Spending ‘quality time’ to build your parent-child relationship
Positive parent-child relationships are built on quality time. Time together is how you get to know about each other’s experiences, thoughts, feelings and changing interests. This is great for your relationship with your child.
Quality time can happen anytime and anywhere, in the middle of ordinary days and situations. It can be a shared laugh when you’re bathing your toddler or a good conversation in the car with your teenage child.
When you spend quality time with your child, you’re showing that you value and appreciate her. You can take advantage of quality time to communicate powerful positive messages with your smiles, laughter, eye contact, hugs and gentle touches.
Try to plan some regular one-on-one time with each of your children. Children have different personalities, and some children might seem to need less time than others – but they’ll all benefit from special time with you. On busy work days, you might not have a lot of one-on-one time with your children, but it’s good to have longer interactions when you can.
The time you spend with your child also makes a difference to how he learns. For example, the time you spend talking with your child
in the first three years of life helps him learn language.
Trust, caring and respect in positive parent-child relationships
Trust and respect are essential to a positive parent-child relationship.
Even in the early years with your baby, developing trust and respect is important. Your baby will feel secure when she learns she can trust her primary carers to meet her needs. Trust and respect become more of a two-way street as your child gets older.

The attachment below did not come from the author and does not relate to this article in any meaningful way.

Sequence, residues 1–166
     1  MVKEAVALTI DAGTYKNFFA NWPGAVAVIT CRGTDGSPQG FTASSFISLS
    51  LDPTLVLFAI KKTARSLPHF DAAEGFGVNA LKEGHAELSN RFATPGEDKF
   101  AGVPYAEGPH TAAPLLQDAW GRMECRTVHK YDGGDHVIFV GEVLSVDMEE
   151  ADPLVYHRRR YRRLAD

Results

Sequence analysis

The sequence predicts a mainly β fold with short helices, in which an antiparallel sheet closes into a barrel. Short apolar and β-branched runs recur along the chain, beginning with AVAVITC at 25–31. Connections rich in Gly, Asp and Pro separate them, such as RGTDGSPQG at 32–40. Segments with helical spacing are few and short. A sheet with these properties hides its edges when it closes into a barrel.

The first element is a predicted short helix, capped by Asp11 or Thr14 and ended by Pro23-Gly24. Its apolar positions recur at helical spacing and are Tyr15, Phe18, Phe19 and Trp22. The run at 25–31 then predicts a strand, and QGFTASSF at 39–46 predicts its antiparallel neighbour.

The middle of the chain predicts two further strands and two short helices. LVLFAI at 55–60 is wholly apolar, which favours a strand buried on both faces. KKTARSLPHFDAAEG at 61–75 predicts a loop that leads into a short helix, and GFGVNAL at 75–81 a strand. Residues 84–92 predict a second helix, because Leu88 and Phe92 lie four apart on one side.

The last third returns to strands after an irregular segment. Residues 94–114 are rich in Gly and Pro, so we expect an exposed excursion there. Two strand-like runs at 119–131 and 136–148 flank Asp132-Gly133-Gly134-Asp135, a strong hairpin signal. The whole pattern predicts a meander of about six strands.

You can nurture trust and respect in your relationship. For example:
- Be available when your child needs support, care or help, whether it’s picking up your toddler when he falls, or picking up your teenage child when he calls you after a party. This helps him learn to trust that you’ll be there when he needs you.
- Get to know your child and value her for who she is. If she loves football, cheer her on or ask about her favourite players. This shows respect for her feelings and opinions, and also lets her know she can trust you with them.
- Allow the relationship to evolve as your child develops, and his needs and interests change. For example, your preteen child might no longer want you around when he goes to the park with his friends, even though he used to love playing there with you.
- Set up some firm but fair family rules. Rules are clear statements about how your family wants to look after and treat its members. They can help your child trust that you’ll be consistent in the way you treat her.
Video Special moments with your child
‘They’re all different ... but they all want to feel safe. They all want to feel loved. They all want you to feel proud of them’, says the one of the mums in this short video.
Other mums and dads talk about special moments with their children – how they happen and how you can make them happen. They describe how praise and encouragement build positive family relationships and make their children feel safe and secure.